Posts Tagged ‘holiness’

Jazz, Holiness, and a Pentecostal Aesthetic

Thursday, October 10th, 2013 by Dale M. Coulter

Charles+Mingus+-+Blues+&+Roots+-+LP+RECORD-494063Sometimes I wonder how Noll missed so much, but then I read on the opening page of his Scandal of the Evangelical Mind that evangelicals have largely abandoned “high” culture. Ah, that’s it: it did not produce a J. S. Bach like Lutheranism did. No high culture, you see, that’s part of the problem.

And then, I listen to the Jazz bassist Charles Mingus bang out “Wednesday Night Prayer Meeting,” and I think, “that’s my music, that’s my culture.” Read the rest of this entry »

Prayer, Pentecostalism, and the Political: Renewing the Public Square?

Thursday, October 3rd, 2013 by Amos Yong

 public prayerWhat does Pentecostalism have to do with the public square or the political? One might think, initially, perhaps not much: classical Pentecostals have by and large been apolitical, although more often than not, such postures have been nurtured less by pentecostal spirituality and commitments than by eschatological ideas derived from dispensationalist theologies otherwise inimical, ironically, to the idea that the Holy Spirit’s charismatic and miraculous work has continued unabated after the age of the apostles. But as people of the book, Pentecostals do adhere to the New Testament injunctions to pray for their governments and political leaders. In political environments in which they are a minority, often this takes on the form of urging divine intervention that makes possible ongoing pentecostal mission and especially local evangelism. In liberal democratic societies, however, especially those which at least in theory support the freedom of religion, pentecostal growth has precipitated other political possibilities and aspirations, and hence also nurtured other types of prayer regarding the public domain. Read the rest of this entry »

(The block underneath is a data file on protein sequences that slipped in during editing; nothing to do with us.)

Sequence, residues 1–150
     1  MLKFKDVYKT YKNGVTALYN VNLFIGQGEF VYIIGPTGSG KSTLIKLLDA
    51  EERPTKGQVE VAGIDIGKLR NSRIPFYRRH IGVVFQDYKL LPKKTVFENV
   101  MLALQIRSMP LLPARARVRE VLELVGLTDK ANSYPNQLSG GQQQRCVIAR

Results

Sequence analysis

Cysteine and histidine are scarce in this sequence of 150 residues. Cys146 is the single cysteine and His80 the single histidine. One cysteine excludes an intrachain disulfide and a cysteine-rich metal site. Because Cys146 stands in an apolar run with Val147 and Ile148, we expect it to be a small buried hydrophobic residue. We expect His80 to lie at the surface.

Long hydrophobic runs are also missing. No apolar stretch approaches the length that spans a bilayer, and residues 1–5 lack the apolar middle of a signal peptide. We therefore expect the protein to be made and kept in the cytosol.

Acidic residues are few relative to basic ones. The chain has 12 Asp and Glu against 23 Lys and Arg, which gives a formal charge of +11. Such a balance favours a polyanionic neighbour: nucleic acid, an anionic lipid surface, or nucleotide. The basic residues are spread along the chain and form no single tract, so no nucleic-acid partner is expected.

How to Alleviate an Uneasy Evangelical Conscience

Wednesday, September 4th, 2013 by Dale M. Coulter

right-and-wrong-decisionsIn 1947 the famous defender of Evangelicalism Carl F. H. Henry took on his own movement. Toward the end of the 1940s Henry and others were feeling a little uneasy about what Henry called the “evaporation of fundamentalist humanitarianism.”

What he meant was a genuine reluctance on the part of Fundamentalists like John R. Rice and Bob Jones, Sr. to come to grips with the social evils of the day as the revivalist tradition had done in the nineteenth century.

Henry recounts asking one-hundred pastors, “how many of you, during the past six months, have preached a sermon devoted in large part to a condemnation of such social evils as aggressive warfare, racial hatred and intolerance, the liquor traffic, exploitation of labor or management or the like–a sermon containing not merely an incidental or illustrative reference, but directed mainly against such evils and proposing the framework in which you think the solution is possible?”

The response? None.

Here is what Carl Henry did not know at the time. Read the rest of this entry »

Grape Juice, Holiness, and the Creation of a Christian Culture

Wednesday, August 28th, 2013 by Dale M. Coulter

Welch's_logoThere is a constant debate about the impact of Christianity upon the United States.

If the question is whether the United States is a Christian nation, then the answer must be no. There is no established religion in the United States or, at least, there has not been since Congregationalism lost its status in Massachusetts in 1833.